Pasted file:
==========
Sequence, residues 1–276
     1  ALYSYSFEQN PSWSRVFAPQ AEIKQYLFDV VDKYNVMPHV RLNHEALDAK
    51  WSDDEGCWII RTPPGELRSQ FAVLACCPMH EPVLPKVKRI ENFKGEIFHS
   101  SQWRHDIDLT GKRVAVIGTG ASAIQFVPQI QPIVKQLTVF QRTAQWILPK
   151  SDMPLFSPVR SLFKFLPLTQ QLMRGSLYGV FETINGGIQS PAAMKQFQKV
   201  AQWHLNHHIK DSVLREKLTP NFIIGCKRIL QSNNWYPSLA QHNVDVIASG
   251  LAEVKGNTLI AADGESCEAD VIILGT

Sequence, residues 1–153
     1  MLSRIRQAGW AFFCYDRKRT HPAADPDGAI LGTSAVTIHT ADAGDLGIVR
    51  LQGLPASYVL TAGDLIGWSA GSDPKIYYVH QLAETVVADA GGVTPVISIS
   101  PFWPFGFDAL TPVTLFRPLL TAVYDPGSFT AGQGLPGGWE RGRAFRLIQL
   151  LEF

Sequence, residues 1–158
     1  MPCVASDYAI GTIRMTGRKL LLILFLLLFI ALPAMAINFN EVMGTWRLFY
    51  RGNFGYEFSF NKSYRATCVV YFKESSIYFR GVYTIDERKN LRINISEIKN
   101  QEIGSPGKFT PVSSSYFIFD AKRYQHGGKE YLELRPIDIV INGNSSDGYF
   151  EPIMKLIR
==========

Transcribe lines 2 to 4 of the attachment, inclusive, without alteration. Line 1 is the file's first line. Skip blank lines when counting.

     1  ALYSYSFEQN PSWSRVFAPQ AEIKQYLFDV VDKYNVMPHV RLNHEALDAK
    51  WSDDEGCWII RTPPGELRSQ FAVLACCPMH EPVLPKVKRI ENFKGEIFHS
   101  SQWRHDIDLT GKRVAVIGTG ASAIQFVPQI QPIVKQLTVF QRTAQWILPK